Environment Waikato and Waikato District Council have granted resource consents to rehabilitate the old Meremere Power Station site.
Genesis Power had applied for consents to excavate and place up to 140,000 cubic metres of clean fill to cap the former coal ash disposal areas and discharge stormwater. The applications attracted six submissions to Waikato District Council from Department of Conservation, Tainui, Transpower New Zealand, Waikato District Health Board, Waikato Raupatu Trustee Company and Watercare Services Ltd.
Ten submissions were made to Environment Waikato from some of the same submitters, Tranz Rail and Fish and Game New Zealand.
The applicant intends to cap the ash disposal area using clay from a small hill at the eastern end of the site, topsoil and grass the capped land and fill and reinstate the coal bunker with fill material and crushed rubble from the demolition of the station buildings.
Submitters had concerns that the applicant had not made all the necessary applications for such a proposal, and that the site would be left in a condition inconsistent with Waikato District Plan zoning. While old industrial sites should be rehabilitated, the standard should ensure the long-term protection of the environment and the Waikato River, they said.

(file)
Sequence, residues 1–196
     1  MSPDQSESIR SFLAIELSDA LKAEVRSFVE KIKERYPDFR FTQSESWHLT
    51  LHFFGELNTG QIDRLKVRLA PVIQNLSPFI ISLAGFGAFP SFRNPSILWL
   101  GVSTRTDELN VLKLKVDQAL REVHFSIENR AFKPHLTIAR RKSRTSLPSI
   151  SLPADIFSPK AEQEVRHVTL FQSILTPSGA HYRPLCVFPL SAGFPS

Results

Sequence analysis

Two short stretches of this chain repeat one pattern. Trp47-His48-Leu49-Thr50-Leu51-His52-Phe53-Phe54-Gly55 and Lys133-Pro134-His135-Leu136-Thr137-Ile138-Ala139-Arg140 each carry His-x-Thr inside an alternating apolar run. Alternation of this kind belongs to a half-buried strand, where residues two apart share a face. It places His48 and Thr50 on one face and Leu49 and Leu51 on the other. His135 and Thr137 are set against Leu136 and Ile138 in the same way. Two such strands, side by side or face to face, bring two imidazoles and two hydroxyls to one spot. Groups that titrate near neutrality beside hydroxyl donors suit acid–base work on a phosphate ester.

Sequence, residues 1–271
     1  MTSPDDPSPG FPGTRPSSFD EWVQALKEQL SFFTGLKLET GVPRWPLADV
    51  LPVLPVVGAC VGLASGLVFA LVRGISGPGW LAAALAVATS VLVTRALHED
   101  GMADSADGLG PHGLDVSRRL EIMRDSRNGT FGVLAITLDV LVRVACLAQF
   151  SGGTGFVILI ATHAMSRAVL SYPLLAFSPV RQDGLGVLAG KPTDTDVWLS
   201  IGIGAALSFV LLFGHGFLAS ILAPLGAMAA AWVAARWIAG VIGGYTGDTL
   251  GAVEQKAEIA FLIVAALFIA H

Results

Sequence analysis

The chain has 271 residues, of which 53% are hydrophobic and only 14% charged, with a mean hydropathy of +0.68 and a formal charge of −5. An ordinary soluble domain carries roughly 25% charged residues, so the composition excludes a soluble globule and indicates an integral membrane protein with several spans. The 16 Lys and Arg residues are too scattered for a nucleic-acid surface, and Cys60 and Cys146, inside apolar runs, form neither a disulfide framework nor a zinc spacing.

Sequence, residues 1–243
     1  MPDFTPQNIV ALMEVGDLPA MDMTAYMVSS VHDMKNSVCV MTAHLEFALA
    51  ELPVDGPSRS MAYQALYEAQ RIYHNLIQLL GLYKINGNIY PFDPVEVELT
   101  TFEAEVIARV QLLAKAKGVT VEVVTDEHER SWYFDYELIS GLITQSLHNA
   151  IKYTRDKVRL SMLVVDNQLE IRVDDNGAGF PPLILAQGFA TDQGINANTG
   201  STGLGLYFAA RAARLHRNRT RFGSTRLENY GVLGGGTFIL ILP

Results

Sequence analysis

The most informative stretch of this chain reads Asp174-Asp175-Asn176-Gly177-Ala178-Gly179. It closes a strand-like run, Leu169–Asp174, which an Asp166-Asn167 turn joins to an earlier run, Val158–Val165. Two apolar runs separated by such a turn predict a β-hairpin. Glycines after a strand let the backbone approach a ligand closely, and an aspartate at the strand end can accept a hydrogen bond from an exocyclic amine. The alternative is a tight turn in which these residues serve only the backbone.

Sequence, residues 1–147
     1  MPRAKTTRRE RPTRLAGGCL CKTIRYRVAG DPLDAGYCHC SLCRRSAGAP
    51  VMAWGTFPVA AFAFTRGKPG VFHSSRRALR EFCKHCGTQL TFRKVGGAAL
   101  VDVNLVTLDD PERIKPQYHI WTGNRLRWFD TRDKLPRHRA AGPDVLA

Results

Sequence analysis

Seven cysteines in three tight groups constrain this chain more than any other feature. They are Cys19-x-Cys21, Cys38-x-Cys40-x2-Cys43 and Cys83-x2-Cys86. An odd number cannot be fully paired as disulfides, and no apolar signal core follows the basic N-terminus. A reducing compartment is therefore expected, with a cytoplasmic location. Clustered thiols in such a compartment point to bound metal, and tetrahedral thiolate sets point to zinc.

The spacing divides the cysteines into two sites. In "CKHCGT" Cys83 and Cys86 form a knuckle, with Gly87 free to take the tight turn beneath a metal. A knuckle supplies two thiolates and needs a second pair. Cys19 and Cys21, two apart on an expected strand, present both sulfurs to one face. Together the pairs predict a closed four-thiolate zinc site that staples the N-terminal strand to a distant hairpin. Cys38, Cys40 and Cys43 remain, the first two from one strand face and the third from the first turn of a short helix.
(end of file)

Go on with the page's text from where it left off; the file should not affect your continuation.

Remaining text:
Both Councils approved the consents, saying using clean fill was in accordance with the Waikato District Plan, and any adverse environmental effects from traffic, noise and appearance were minor and could be mitigated to ensure the surrounding community was not affected.
Environment Waikato said the proposed rehabilitation was acceptable and environmental effects were no more than minor. Capping the ash would improve the quality of discharges while excavating and removing the ash would cost between $15 and 30 million, as well as disturbing more ash contaminants into the environment.
The Committee said that considering the site’s history, contaminants, potential unknown changes in land use and close proximity of wetlands and rivers, a consent duration of 25 years was appropriate.